I had been an exchange student in Tokyo, a bride on Sado, a caregiver of a dying Japanese grandmother and an “education mama” raising my children firmly in the culture. Now I was going to be something else– a jet-setting karaoke queen.”
From The Six-Foot Bonsai
I first encountered karaoke in 1982. I was on Sado Island at the famous Yahatakan hotel and it was my wedding day. Understanding little of what was taking place around me, I witnessed what I would have called a sing along. Old men and women from our neighborhood a bit inebriated from the festivities took turns belting out folk songs.
My mother elbowed me. “Come on. Let’s get up and sing your grandfather’s song!”
I hesitated. She was talking about a little children’s ditty. If we attempted to sing it we’d be without any back up– just us up there on stage with microphones bigger than our mouths.
“I’m not sure it fits with the occasion. Besides we can’t even sing!”
Relentless as my mother was and not wanting any scene to override the occasion I gave in. For our efforts we received a few puzzled looks and what amounted to a cursory clap. Perhaps we were a bit too sober!
Thirteen years later I would find myself drawn to singing karaoke. My debut, at Pub Sanpei in the western suburbs of Detroit was in 1995. While I may not have been their only gaijin (“foreign”) singer, I quickly became their most prolific. Losing my mind required many outlets.
Finding Japanese karaoke to be “in my wheelhouse” and an excellent way to earn free drinks, I practiced my heart out– eventually buying a “Discman” that actually played karaoke CD videos if I hooked it up to the TV! Although the contraption broke many years ago and my enthusiasm for crooning in Japanese has long since passed, I still own many of the discs.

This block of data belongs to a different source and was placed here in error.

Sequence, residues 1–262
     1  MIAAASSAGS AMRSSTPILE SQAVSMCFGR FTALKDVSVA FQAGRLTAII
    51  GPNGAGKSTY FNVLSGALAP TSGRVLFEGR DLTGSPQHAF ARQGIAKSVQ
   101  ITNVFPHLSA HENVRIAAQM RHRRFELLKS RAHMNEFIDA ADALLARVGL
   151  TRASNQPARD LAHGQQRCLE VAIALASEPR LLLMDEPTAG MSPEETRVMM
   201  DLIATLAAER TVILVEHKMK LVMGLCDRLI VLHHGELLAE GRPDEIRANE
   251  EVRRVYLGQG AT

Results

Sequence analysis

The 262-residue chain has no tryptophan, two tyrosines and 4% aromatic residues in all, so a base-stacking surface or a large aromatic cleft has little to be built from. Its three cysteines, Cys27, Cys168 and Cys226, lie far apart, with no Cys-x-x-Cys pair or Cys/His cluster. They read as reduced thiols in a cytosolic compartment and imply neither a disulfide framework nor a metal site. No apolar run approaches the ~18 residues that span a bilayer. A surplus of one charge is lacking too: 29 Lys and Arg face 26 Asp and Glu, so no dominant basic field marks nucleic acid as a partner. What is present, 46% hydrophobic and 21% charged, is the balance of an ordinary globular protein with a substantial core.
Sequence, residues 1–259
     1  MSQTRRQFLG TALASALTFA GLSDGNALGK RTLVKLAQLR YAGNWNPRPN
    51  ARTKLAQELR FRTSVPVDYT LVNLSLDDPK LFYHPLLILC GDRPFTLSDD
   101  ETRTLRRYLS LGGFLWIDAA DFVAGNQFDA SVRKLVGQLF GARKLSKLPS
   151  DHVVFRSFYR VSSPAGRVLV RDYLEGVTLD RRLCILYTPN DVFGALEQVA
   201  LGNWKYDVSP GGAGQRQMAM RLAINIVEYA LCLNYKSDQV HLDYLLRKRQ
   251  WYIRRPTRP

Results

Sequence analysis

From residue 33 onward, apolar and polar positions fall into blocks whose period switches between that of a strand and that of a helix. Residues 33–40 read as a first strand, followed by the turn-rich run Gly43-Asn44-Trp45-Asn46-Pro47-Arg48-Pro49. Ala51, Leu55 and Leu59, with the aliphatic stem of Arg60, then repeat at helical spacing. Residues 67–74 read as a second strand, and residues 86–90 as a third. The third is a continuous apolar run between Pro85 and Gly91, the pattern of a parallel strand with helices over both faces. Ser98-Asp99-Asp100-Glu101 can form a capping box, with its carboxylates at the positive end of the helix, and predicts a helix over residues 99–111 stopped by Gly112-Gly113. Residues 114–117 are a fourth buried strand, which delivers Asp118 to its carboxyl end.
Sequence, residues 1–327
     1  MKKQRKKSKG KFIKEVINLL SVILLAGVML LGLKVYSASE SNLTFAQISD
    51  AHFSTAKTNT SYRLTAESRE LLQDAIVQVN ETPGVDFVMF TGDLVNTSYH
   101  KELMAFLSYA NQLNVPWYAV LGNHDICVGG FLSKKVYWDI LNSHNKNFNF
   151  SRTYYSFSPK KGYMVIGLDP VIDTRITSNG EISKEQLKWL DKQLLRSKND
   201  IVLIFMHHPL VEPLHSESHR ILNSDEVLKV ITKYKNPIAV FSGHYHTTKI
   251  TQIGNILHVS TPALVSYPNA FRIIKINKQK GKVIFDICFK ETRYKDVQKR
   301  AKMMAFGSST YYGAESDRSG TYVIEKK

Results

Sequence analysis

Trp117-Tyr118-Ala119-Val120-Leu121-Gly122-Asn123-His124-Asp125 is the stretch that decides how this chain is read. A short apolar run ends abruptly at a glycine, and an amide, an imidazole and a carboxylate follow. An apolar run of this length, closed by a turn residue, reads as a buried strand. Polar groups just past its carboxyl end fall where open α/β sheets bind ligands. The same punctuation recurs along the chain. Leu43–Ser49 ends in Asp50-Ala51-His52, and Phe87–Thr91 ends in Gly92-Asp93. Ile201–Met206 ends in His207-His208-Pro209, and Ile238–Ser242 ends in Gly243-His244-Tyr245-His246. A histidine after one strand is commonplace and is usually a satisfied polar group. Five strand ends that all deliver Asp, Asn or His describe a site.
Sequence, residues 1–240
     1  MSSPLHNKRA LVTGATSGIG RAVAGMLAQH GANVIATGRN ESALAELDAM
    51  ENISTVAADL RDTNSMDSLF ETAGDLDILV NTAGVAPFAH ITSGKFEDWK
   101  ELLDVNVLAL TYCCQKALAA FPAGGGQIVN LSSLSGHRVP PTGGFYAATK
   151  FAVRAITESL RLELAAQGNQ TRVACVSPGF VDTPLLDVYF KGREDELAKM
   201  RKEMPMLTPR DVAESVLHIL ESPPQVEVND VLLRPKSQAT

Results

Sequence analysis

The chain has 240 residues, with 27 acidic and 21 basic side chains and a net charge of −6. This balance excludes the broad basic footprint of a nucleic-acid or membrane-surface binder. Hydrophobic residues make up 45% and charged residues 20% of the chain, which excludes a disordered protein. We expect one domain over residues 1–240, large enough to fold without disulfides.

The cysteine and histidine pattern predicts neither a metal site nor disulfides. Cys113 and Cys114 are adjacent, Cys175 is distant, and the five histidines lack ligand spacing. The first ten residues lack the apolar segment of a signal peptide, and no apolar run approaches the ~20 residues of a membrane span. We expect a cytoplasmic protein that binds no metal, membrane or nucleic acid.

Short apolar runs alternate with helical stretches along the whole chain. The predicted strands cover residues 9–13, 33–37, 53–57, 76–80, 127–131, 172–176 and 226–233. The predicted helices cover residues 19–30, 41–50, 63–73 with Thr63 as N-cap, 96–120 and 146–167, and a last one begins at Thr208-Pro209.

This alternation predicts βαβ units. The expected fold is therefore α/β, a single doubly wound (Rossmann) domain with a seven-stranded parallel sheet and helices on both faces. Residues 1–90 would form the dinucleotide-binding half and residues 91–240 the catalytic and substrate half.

The days when I sang in Pub Sanpei…the day when I wanted to be Japanese more than anything are long past. And for the most part, the CDs you see here could inexplicably disappear and I wouldn’t miss them. But somehow, despite being a minimalist for many years, I find it hard to toss these memories out. Truth be told, once or twice a year when I get into a strange funk, I channel my inner karaoke queen and my American husband who didn’t know me in those days shrugs. He thinks I sing Japanese really well somehow; strangely much better than I sing anything in English. “Practice” I tell him. The truth is, most everything I sing in my non-native tongue is born of pain and passion.
Well before “J-Pop,” long before anime was an international phenomena, there was a 30-something divorced woman who bounced in and out of small pubs in Tokyo and Detroit singing like a cicada who had just emerged from the ground…a lost housewife looking once more for love and acceptance in her culture of choice.
Among Bonsai’s favorites is the folk artist Nakajima Mikyuki. Below are two her most popular songs. Take a listen! And if you don’t mind, please read my rare memoir “The Six-Foot Bonsai“– a tale of severe cultural addiction and redemption.